Hitler lived in Liverpool for 5 months before WWI
Adolf Hitler stayed in Liverpool in a flat which was destroyed by Luftwaffe bombers in the WWII 30 years later.
London: Adolf Hitler stayed in Liverpool for five months before World War I in a flat which was destroyed by Luftwaffe bombers in the Second World War 30 years later, according to a new research.
The then 23-year-old shared the flat with his married half-brother Alois Hitler Jnr in Toxteth from November 1912 to April 1913.
During his stay, he wandered around the city and relaxed in the Poste House pub relishing pints.
NAZI Fuhrer also enjoyed a sightseeing tour of London and was so fascinated by Tower Bridge that he bribed his way into the engine room so he could see the machinery at work.
The claims come from an author exploring a long-held theory that the 23-year-old Hitler shared a flat in the city before World War I, the Daily Mail reported.
In his book, `The Hitlers of Liverpool`, Mike Unger has claimed that the future Fuhrer fled to Merseyside from Vienna, to avoid being conscripted into the Austrian army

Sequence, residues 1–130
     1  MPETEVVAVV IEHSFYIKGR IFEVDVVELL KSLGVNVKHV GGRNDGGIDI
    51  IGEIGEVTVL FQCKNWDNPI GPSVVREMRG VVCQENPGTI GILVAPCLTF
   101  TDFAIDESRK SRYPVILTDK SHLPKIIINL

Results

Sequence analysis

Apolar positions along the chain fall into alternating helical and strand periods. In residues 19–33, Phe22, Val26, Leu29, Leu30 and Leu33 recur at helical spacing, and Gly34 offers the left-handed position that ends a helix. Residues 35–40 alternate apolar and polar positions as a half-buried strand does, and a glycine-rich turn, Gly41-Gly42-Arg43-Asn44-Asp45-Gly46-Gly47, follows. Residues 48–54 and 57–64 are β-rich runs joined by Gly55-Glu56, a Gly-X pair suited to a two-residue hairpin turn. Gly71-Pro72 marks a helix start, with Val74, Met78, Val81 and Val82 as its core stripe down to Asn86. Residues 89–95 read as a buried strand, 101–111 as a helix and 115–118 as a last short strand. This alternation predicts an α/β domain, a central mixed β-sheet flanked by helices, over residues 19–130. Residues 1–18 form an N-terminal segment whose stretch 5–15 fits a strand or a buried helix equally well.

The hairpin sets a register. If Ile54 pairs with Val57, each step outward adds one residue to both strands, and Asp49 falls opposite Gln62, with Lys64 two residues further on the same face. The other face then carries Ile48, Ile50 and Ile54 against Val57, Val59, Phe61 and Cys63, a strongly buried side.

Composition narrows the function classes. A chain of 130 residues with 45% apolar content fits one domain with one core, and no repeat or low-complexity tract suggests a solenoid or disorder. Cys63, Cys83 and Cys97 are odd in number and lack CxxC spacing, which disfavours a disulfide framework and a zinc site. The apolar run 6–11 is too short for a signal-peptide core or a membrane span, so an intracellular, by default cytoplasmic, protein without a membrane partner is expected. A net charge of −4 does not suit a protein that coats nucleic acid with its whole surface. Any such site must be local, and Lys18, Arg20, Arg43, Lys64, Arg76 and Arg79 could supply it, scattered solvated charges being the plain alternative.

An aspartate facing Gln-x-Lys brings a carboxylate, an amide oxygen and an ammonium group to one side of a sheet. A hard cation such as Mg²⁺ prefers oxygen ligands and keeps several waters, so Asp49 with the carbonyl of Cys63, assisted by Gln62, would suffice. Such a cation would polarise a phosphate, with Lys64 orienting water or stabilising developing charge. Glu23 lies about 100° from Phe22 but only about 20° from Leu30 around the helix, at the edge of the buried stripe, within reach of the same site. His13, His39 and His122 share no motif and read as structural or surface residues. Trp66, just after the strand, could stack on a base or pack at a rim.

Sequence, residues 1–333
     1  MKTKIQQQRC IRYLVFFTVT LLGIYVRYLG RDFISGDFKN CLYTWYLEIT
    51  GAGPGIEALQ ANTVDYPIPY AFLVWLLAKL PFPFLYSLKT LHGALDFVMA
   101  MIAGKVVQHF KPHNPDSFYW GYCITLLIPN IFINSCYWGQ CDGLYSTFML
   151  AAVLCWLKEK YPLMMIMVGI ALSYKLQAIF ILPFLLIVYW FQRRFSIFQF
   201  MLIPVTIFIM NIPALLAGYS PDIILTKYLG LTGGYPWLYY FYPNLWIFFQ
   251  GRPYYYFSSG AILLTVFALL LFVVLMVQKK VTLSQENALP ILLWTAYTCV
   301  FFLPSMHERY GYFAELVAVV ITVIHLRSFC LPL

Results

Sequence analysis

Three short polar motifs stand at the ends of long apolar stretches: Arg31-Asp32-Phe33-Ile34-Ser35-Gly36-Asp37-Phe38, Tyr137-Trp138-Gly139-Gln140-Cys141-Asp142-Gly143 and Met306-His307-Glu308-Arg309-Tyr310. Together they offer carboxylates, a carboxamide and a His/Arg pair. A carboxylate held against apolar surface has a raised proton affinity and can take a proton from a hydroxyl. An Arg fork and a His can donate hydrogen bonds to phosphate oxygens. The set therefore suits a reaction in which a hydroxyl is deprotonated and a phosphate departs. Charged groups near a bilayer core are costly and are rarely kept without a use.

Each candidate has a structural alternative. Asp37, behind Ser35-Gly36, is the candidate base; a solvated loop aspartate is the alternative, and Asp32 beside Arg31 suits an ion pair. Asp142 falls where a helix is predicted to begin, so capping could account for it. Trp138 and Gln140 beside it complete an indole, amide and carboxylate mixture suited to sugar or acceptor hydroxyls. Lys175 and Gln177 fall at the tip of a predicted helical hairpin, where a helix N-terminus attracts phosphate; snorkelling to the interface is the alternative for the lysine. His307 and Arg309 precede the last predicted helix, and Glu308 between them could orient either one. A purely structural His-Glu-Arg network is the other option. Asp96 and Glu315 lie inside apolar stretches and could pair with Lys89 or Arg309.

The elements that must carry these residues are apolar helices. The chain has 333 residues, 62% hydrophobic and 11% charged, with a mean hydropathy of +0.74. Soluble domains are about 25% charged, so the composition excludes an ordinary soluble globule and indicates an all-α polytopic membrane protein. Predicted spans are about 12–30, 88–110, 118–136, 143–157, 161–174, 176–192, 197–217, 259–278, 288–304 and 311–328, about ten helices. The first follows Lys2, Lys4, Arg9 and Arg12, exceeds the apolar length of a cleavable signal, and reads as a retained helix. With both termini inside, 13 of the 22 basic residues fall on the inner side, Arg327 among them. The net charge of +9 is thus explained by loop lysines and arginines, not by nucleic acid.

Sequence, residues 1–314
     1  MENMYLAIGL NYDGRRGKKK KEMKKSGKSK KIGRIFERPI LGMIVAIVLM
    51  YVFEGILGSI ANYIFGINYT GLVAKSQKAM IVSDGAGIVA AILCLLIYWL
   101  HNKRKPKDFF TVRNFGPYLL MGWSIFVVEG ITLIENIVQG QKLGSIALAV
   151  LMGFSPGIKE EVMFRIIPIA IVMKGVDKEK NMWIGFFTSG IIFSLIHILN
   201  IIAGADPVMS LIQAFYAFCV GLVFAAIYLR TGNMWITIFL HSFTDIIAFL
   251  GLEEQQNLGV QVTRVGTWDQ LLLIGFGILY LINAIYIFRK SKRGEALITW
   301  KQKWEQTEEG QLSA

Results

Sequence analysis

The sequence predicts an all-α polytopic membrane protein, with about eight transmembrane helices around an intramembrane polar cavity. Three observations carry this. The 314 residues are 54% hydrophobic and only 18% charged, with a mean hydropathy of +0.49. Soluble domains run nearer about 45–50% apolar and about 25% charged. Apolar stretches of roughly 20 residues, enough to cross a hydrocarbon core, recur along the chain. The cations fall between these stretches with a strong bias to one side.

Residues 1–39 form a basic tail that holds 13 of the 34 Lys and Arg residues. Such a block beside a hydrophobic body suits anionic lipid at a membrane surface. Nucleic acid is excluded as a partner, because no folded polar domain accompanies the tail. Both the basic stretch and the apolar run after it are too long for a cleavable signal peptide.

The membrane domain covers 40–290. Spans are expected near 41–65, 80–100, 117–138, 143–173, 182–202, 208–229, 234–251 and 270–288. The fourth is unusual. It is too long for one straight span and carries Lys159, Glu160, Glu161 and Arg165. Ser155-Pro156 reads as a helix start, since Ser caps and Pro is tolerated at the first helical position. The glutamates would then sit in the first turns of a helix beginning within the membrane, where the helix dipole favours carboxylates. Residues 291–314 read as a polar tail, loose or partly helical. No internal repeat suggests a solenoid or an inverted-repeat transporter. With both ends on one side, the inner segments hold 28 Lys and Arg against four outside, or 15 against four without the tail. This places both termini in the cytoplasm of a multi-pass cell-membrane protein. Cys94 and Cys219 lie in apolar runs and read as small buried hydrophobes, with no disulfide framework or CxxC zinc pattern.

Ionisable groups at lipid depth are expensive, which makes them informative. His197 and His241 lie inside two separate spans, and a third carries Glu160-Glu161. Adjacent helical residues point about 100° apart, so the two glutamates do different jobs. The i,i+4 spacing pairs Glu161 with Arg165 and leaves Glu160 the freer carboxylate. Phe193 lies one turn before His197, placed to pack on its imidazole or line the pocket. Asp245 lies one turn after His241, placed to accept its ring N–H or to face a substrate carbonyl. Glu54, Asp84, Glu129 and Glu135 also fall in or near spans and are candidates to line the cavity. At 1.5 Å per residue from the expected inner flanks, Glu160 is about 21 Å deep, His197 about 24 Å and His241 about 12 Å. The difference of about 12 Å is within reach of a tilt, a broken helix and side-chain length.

Unger’s claims come under scrutiny in a BBC documentary that aims to explore the truth or fiction behind the tale.
The suggestion that Hitler lived in the city first appeared in the little-known memoirs of his sister-in-law Bridget Dowling.
In her memoirs, Bridget revealed how she married Alois in London before the couple settled in Liverpool.
The visit was funded by the money Alois sent for his sister Angela in November 1912 to join him but, to his fury, his half brother used it and travelled to Liverpool instead.
Bridget asserted that during his stay at their Toxteth home, Hitler was an unprepossessing and lazy guest.
“Adolf took everything we did for granted and I’m sure would have remained indefinitely if he had had the slightest encouragement,” Bridget said.
“After the first few weeks he would often come and sit in my cosy little kitchen playing with my two-year-old baby, while I was preparing our meals.”
She also said her husband showed Adolf power plants, river cranes and the inside of ships and as soon as her brother-in-law knew his way around Liverpool he began disappearing by himself, not returning until late in the evening.
“He said he was looking for a job, but since he knew only a few words of English and never left early in the morning, it was always my opinion that he just wandered about Liverpool.”
As the visit lengthened, relations between the two brothers became more and more strained to the point when, in April 1913, Alois allegedly bought his half-brother a ticket to Germany and put him on a train.